In addition, Cohort 4 will explore human weapons systems and delve into how to maximize human performance. “We want to augment human performance in ways using technology to really emphasize what humans do well,” he said.

Related to that is harnessing artificial intelligence and machine learning “to allow machines to do what machines do well and humans to do what humans do well, and then have them [work together],” Col. Brewer said. For that topic, the colonel envisions working with the Department of the Air Force and DoD’s Chief Digital and Artificial Intelligence Office.

Having Duke University as a partner for Cohort 4 will enable innovators to rely on the university’s medical emphasis. And while both cohorts will bring in warfighters from around the country, Cohort 4 is designed to pull together the southeastern United States as a region, the colonel noted, which also includes drawing from the U.S. Special Forces Command’s SOFWERKS, its innovation arm.















Still in development, Cohort 5 “is focused on tying together the Great Lakes region as a regional hub for innovation—Michigan, Wisconsin, Illinois, Indiana, Ohio and Michigan,” the colonel explained. “That way, we can tie together the strengths of the industry around the Great Lakes and geographically be able to have collaborative relationships.” 

That class will look at infrastructure resiliency, industry-related innovation and other topics. “Infrastructure resiliency,…this is more unique to the Air National Guard….related to the Durham, North Carolina, power infrastructure [attack] that took down an entire county’s power,” Col. Brewer explained. “With defensive infrastructure systems [as a topic] going to go into Cohort 5’s problem sets, we're going to start tying in governors and the [Guard] response, which will be a huge focal point for Cohort 5, while Cohort 4 is a little bit more special ops focused and medically focused.”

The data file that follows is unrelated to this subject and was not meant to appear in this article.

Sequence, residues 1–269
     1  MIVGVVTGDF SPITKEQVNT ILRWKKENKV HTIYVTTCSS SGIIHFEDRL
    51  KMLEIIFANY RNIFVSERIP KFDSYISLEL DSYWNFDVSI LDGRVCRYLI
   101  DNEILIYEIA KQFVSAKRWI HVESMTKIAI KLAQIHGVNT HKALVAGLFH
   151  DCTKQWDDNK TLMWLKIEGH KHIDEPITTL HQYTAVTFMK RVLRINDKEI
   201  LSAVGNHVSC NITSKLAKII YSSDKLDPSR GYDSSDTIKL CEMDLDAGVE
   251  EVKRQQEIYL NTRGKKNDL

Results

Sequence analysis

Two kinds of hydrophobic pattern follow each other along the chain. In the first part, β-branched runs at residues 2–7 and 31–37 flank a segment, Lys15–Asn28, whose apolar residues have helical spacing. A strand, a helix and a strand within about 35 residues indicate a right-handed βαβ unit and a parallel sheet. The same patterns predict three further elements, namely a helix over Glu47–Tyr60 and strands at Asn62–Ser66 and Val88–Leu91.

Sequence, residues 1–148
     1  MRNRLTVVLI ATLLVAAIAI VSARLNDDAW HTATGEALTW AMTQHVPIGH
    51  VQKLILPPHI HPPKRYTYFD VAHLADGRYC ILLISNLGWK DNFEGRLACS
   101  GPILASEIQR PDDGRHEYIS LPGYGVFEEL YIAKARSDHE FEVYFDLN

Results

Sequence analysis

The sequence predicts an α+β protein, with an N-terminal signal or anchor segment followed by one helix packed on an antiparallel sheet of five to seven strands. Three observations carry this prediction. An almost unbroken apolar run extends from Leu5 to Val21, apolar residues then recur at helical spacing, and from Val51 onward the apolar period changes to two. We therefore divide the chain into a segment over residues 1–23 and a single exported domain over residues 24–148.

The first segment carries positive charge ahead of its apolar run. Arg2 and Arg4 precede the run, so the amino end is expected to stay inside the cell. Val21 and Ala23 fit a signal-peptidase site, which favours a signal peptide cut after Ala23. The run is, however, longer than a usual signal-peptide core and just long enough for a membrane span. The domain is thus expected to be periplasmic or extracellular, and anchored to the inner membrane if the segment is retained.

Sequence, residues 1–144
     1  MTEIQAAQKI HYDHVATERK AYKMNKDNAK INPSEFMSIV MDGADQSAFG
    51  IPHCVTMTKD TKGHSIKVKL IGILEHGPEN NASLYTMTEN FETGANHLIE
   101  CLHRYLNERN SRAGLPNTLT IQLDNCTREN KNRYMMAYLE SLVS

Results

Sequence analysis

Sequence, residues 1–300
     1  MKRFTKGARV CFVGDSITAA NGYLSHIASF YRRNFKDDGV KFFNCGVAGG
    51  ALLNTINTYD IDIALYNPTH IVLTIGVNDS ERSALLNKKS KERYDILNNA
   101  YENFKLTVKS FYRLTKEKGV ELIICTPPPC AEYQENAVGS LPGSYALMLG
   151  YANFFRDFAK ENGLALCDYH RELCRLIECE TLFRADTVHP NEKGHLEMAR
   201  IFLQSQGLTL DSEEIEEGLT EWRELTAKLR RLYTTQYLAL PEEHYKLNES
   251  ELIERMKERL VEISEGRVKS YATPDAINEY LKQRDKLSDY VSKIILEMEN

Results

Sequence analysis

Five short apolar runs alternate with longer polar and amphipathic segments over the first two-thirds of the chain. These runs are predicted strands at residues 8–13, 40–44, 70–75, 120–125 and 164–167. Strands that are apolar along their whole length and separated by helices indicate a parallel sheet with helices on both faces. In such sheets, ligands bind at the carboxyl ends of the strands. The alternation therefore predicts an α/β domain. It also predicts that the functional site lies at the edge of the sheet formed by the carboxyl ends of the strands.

The colonel clarified that a qualified applicant “that doesn't make it into Cohort 4 would get offered a seat in 5.”

To date, the AIM-HI program has spurred on about 20 innovative teams with 85 people examining tough DoD operational challenges while building a creative mindset, culture and capabilities. “We're very focused on ‘beyond the pitch,’ he said. “It is designed for you to come in and do something revolutionary and transformational, to learn those skill sets and then take them back to your unit and replicate it.” The AIM-HI program has trained warfighters from an E-3 rank to a one-star general, “so it's not a rank dependency.” 

For Col. Brewer, having some operational experience, a creative mindset and a natural propensity toward innovation is the biggest draw, with a plan to use innovation after the program.

“The success of the program will have large operational impacts,” the colonel said. “What I briefed to the secretary of the Air Force in August was that AIM-HI and Project Mercury, our sister program, are providing the chief of staff of the Air Force a capability to execute his action order of ‘accelerate, change or lose.’ So, not only are we doing the innovation, but we are also building innovators. The value of any one of the projects is great, and I hope it does great things. But what if that innovator does another 10 more projects?” 

For more information on the program and how to apply, visit https://www.innovatrium.org/aim-hi/

AIM-HI Cohort 4 begins Monday, January 23, 2023, at Duke University. 

For further questions, contact Lt. Col. David Brewer at david.brewer@us.af.mil.